Eating is an essential process many differentiated organisms must partake in in order to survive. For humans, eating has evolved from a necessary survival instinct to something to take pleasure in and enjoy in social settings. It has become so centrally integrated into our societies, that many social, work, personal and religious functions revolve around meals. Similarly, much of our day revolves around planning, thinking about, setting up for, and inevitably cleaning up after the proverbial meal. Many people today depend on a fixed eating schedule, and are using food as a distraction from the rest of the monotony of the day. Others still are obsessed with longevity and proper intake of the healthiest diet, suffering in turn from various degrees of orthorexia. In fact, I daresay this vital function has become not just a nourishing habit, but a source of anguish and anxiety for much of the developed countries in the world. How, then, can we eat to live, and not live to eat?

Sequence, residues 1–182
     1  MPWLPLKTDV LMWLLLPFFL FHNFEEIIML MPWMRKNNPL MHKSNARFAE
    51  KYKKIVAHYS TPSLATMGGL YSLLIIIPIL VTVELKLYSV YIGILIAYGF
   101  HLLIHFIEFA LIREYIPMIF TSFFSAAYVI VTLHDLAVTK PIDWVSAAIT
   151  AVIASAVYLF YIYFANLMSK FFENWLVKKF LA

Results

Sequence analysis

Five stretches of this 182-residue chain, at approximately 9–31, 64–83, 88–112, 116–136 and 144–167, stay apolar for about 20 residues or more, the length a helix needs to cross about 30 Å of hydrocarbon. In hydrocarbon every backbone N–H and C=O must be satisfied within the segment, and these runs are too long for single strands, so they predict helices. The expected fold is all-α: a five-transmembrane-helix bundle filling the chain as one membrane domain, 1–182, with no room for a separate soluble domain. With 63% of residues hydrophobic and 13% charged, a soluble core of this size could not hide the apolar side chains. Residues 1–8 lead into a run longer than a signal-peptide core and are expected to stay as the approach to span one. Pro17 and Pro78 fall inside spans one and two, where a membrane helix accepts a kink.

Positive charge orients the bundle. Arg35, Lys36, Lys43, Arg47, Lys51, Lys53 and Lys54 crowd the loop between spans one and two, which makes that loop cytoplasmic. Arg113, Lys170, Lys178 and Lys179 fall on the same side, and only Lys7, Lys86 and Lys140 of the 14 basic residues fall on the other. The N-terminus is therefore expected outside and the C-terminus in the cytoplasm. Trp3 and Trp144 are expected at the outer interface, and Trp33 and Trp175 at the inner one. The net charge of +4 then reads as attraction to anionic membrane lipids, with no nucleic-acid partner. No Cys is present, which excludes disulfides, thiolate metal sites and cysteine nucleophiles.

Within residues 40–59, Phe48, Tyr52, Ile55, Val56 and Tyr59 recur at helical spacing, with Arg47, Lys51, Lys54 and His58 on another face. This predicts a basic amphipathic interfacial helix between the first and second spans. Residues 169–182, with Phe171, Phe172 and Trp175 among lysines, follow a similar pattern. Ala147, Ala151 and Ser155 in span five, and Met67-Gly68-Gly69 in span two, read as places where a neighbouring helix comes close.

The simple act of eating really does touch on many psychological, genetic and social ideas and traditions. It’s difficult to differentiate and dissect all of them to figure out the “proper” relationship one “should” have with food. Why do some people gain more weight than others when eating the exact same foods? Why is much of the developed world in danger of obesity? Why is there also an epidemic of an opposite, extreme compulsion about calories that results in anorexia and bulimia? Why do so many diet theories and dogmas exist? Which way of eating is the best? Which diet is healthy? On an individual level? On an environmental and ecological level? All of these questions highlight just how complex the concept of eating has become. I wish I had exact answers for each of them, but I don’t think anyone can definitively claim to. What I can do, instead, is to share what I do know from my background and experience in science and integrative nutrition.